Little Critters, Big Helpers!

Photo: J Green, CSIRO Entomology
We couldn’t survive without the help of our hardworking friends

Let’s play a word association game. Ready…..What is the first word or emotion that comes to you when I say “insect”? What did you think of? Did you feel a sense of wonder, fascination or curiosity? Or did you feel a bit icky, or maybe even scared or repulsed?

If you felt the latter, you are not alone. And such a response is understandable considering that certain insects can be damaging to humans; some of the most devastating diseases in the world are transmitted by mosquitoes, insect pests can decimate crops, and termites can chew through our houses. BUT, did you know that of over a million described species of insects, only a tiny proportion are considered to be serious pests. The vast majority of species are either totally harmless, or are beneficial. In fact, without insects, our own survival would become rather precarious. We need these little critters to survive!

Insects are involved in many important processes in ecosystems, like pollination, nutrient cycling and decomposition. We can call these processes ecosystem functions. If these ecosystem functions benefit humans, these functions can be considered as ecosystem services. Insects can either influence or directly provide many ecosystem services such as pollination, seed dispersal, nutrient recycling, biological control of other pest insects, decomposition, soil formation, soil aeration….the list goes on! And it is easy to understand how these ecosystem services are useful to humans: pollinators move pollen from one flower to another, allowing plants to reproduce and produce fruit for us to eat, parasitoid wasps can reduce the number of caterpillars eating our crops, and dung beetles recycle nutrients thereby improving pasture health and farm productivity. For some insect groups however, the distinction between a beneficial insect and a detrimental one can be a grey area, and can challenge us to make something of a cost-benefit analysis. Are the occasional stings that we receive from ants balanced by the provision of ecosystem services such as soil aeration and bioturbation (the mixing of soil), seed dispersal and waste removal? Even though termites can eat our houses, is this cost compensated for by the important role they play in nutrient recycling,  decomposition of cellulose-rich material such as fallen trees, and the provision of food for echidnas, numbats, lizards, snakes and birds?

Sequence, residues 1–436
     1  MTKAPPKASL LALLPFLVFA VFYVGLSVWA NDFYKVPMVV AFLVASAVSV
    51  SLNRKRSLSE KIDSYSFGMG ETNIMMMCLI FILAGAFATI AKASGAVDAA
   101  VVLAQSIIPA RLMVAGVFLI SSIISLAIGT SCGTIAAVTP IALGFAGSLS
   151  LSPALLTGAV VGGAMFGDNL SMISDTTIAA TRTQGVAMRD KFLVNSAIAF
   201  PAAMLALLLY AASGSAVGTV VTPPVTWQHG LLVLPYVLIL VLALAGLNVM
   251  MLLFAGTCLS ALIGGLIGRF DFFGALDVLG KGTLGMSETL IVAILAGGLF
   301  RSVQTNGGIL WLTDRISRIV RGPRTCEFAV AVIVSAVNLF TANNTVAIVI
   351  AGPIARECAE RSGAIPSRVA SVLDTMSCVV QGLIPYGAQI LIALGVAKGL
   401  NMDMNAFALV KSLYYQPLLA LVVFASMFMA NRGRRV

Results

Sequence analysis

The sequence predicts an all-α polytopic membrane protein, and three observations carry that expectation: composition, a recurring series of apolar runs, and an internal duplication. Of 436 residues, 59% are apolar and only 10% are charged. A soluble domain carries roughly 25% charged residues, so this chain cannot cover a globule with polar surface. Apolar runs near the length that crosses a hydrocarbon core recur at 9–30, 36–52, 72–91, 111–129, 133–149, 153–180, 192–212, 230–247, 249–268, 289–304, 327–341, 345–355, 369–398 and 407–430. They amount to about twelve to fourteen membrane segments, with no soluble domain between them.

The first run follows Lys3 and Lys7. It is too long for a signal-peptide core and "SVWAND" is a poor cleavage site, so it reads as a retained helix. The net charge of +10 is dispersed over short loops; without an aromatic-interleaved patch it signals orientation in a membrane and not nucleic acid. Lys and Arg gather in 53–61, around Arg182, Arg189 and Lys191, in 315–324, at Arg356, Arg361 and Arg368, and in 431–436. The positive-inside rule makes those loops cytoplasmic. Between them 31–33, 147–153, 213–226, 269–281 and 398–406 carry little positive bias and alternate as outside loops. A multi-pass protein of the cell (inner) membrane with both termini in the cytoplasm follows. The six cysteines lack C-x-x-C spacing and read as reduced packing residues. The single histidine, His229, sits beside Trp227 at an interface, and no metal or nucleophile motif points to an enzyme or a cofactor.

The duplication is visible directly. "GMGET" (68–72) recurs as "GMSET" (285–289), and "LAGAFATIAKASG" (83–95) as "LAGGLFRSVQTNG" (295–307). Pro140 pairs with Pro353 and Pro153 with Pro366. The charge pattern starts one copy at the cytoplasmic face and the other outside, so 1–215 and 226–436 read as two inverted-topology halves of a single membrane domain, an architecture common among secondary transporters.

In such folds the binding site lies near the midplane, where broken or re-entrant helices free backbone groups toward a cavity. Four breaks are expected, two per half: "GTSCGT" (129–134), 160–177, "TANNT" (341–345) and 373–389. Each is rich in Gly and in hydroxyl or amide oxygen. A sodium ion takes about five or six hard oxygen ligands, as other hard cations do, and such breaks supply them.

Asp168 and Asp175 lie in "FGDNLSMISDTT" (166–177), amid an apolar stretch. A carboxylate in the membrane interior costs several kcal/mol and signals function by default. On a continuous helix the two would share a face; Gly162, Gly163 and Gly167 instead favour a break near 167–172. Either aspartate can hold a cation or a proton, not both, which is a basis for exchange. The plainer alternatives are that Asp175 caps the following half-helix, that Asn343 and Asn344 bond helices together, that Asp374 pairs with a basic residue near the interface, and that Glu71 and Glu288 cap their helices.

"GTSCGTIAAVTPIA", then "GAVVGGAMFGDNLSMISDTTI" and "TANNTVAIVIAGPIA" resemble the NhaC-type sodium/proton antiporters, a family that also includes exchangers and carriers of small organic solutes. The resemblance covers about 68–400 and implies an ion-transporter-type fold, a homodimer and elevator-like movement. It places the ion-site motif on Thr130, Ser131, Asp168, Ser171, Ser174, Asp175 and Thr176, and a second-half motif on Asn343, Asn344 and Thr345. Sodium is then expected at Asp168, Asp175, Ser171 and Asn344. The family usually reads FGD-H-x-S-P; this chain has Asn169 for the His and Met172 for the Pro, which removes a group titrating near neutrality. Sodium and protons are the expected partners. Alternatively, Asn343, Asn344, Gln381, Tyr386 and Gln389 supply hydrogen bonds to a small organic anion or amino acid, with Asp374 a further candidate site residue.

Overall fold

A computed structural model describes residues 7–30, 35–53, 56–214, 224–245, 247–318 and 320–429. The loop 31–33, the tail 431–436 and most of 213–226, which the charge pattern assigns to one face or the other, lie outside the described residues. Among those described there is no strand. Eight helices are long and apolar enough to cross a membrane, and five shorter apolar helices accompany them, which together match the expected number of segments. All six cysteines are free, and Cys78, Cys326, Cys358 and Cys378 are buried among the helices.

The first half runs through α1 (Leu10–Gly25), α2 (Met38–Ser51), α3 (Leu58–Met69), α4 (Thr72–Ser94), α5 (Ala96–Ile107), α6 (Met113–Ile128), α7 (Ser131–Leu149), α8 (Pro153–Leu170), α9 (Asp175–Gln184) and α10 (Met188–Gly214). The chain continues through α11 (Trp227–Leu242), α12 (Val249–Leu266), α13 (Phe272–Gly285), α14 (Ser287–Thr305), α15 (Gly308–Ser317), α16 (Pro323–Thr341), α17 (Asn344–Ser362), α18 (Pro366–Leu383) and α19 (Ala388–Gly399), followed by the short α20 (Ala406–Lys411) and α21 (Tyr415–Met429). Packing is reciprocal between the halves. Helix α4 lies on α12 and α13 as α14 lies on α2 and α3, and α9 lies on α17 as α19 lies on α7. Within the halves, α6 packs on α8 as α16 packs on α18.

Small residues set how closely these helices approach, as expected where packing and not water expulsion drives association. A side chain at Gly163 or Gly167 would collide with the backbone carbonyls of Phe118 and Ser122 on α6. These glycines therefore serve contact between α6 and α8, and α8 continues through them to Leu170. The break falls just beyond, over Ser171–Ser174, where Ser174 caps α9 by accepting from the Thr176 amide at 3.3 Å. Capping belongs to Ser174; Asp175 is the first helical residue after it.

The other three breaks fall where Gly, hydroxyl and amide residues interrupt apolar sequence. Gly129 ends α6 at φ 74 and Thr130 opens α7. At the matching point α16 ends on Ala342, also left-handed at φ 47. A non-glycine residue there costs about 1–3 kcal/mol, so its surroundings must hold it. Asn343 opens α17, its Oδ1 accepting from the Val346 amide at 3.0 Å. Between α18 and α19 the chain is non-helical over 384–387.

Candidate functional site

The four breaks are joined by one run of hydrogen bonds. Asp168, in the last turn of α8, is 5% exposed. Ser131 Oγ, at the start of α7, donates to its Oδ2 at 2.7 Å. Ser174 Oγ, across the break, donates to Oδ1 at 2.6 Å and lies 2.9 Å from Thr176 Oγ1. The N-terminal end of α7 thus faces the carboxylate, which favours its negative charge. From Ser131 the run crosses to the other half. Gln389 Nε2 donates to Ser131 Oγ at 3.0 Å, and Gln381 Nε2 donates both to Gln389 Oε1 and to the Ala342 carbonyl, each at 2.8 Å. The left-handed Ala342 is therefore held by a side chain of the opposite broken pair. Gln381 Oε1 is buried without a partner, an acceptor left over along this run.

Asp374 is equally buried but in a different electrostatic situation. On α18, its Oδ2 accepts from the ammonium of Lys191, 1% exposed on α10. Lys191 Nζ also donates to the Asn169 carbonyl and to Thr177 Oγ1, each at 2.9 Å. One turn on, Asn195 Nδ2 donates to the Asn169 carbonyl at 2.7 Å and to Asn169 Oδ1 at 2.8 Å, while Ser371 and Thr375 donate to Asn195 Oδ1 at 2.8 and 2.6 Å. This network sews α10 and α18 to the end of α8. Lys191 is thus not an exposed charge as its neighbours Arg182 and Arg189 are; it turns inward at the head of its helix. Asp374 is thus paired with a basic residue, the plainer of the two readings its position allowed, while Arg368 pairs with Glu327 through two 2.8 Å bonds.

Insects and the ecosystem services that they provide are critical to human life. In his famous 1987 paper, “The little things that run the world”, ant ecologist Edward O. Wilson predicted that human life would not persist beyond a few months if all of the invertebrates (of which insects belong) were to disappear from the planet (Wilson, 1987). Estimates of the dollar value of insect ecosystem services are well into the billions of dollars, making them a valuable asset both ecologically and financially.